You can plan to go to all the fantastic and wonderful places you can dream of (or find in the pages of Travelfish) but without the language to get there you’re going to be a bit stuck – particularly if you want to go beyond tourist centres like Bangkok, Chiang Mai and Samui and along lesser trod paths to enjoy the fabulousness of Thailand beyond the obvious.
So, to help you along the way, we bring you a concise guide to transportation in the Land of Smiles.
As long as you don’t mind a rather liberal attitude to punctuality, Thailand has a very good transportation infrastructure. Bus stations are always bustling with people, trains regularly leave Bangkok for the provinces, and once at your destination you can always find a minibus, tuk tuk, or song teaw (those peculiarly Thai covered pick-up trucks with two benches in the back for passengers) to get you where you want to be.
Let’s start with the types of vehicle you’ll find here.
Train: รถไฟ rót fai
Bus: รถ เมล์ rót may/รถบัส rót bàt
Airplane: เครื่องบิน krêuang bin
Boat: เรือ reua
Long tail boat: เรือ หาง ยาว reua hăang yaao
Speedboat: เรือเร็ว reua réaw / สปีดโบ้ท sa-peed boat
Minibus: รถ ตู้ rót dtôo
Tuk Tuk: ตุ๊กตุ๊ก dtúk-dtúk
Bus taxi thing: สอง แถว sŏng tăew
Rickshaw: รถลาก rót lâak or สาม ล้อ săam lór
Motorbike: มอเตอร์ไซค์ mor-dtêr-sai
Taxi: แท็กซี่ táek-sêe
Have a look at one of our previous lessons ‘Taxi Thai Plus’ for some help in saying where you want to go.
Once you know what kind of transport you’ll be taking you need to know where to get it. The main kinds of terminal are listed below.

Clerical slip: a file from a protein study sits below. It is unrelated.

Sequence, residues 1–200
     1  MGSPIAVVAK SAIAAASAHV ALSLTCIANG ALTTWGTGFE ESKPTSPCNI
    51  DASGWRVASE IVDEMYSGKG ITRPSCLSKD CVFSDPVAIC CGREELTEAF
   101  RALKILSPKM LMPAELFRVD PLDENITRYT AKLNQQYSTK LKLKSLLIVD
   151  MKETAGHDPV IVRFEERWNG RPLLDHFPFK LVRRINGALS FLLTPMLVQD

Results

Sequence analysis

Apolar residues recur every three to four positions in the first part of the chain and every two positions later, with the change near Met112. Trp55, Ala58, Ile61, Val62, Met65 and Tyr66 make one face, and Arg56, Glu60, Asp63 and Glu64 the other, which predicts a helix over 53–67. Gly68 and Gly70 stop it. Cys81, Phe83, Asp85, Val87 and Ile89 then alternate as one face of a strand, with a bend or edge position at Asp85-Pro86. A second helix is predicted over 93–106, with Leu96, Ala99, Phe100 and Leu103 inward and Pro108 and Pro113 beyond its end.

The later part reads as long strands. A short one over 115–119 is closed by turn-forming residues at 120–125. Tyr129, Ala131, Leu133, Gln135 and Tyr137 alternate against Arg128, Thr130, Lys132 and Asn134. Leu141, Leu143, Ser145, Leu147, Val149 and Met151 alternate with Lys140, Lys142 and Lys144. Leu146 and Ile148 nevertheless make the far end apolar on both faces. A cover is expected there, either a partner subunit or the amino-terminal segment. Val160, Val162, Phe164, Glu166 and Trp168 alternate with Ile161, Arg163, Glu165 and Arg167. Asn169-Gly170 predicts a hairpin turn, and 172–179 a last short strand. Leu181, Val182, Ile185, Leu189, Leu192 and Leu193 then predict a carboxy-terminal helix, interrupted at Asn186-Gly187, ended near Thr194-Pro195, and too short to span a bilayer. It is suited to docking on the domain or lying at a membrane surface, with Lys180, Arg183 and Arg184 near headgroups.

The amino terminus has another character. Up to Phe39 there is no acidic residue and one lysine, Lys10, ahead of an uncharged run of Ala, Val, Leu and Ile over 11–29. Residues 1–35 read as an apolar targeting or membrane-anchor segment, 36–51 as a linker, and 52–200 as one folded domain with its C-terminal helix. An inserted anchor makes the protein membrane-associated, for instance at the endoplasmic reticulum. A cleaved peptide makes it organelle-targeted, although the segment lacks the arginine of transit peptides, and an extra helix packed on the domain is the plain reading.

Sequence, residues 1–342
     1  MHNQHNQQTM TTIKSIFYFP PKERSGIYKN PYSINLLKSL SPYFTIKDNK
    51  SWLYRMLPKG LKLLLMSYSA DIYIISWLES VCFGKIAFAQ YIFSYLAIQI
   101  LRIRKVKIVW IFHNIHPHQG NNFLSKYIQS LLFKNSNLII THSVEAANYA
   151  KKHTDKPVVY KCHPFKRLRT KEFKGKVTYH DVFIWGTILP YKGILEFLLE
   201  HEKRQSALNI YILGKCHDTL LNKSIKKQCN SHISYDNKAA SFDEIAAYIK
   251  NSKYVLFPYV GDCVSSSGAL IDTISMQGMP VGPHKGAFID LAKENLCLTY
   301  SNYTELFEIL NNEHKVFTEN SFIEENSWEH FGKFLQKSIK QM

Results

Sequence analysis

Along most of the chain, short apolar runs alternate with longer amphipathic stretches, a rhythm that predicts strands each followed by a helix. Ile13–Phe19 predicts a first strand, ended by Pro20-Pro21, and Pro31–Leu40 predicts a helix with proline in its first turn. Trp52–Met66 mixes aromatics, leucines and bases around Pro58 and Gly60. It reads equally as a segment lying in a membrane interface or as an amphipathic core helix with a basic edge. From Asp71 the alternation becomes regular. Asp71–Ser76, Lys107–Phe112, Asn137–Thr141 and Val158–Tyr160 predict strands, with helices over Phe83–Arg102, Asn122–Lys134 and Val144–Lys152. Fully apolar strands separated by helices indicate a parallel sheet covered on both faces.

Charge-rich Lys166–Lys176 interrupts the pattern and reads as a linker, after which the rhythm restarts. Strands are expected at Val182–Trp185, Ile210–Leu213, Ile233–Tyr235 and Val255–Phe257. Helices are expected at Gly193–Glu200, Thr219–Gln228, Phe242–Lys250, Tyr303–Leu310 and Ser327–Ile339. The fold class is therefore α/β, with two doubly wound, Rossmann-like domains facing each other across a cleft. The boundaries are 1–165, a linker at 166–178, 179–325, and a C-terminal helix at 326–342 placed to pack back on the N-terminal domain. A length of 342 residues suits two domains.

Terminals and Stations
Train station: สถานีรถไฟ sà-tăa-nee rót fai
Bus station: บขส bor kŏr sŏr. These are the initials of bor-rí-sàt kŏn sòng or Transport Company, and is the colloquial (and therefore universally used) term for bus station. If you want you can use the literal สถานี รถโดยสาร sà-tăa-nee rót doi săan.
Airport: สนามบิน sà-năam bin
International terminal: อาคาร ระหว่าง ประเทศ aa-kaan rá-wàang bprà-tâyt
Domestic terminal: อาคาร ภายใน ประเทศ aa-kaan pai-nai bprà-tâyt
Boat pier: ท่า เรือ tâa reua
Bus stop: ป้าย รถ เมล์ bpâai rót may
Minibus pick-up point: คิว รถตู้ kiw rót dtôo
Again, use these with the language in our ‘Taxi Thai’ post to tell your taxi/tuk tuk/motorcycle driver that you want to go to one of them.
Once you’re at the station you’ll want to buy your ticket.
Ticket: ตั๋ว dtŭa
Return ticket: ตั๋วไปกลับ dtŭa bpai glàp
Single ticket: ฅั๋วเที่ยวเดียว dtŭa tîeow dieow
1st class: ชั้นหนึ่ง chán nèung
2nd class: ชั้นสอง chán sŏng
Air-conditioned: แอร์ air
Fan: พัดลม pát lom
Standard: ธรรมดา tam-má-daa
Here are some phrases to help you:
One single ticket to Nan: ฅั๋วเที่ยวเดียว dtŭaไป น่าน tîeow dieow bpai Nâan.
Second class air con: แอร์ ชั้น สอง air chán sŏng
Now, once you have your ticket you will probably have to navigate your way around the station and get on to bus/boat/train that will take you off to paradise lost – or possibly some full moon party somewhere. It is very wise to check with the driver/pilot/guard that your vehicle is going where you think it is.
A couple of these phrases should do the trick:
This vehicle is going to [place] isn’t it?: รถ คัน นี้ ไป [place] ใช่ไหม rót kan née bpai [place] châi măi
Where is this vehicle going?: รถ คัน นี้ ไป ไหน rót kan née bpai năi
Where is the vehicle going to [place]?: รถ ไป [place] อยู่ ไหน rót bpai [place] yòo năi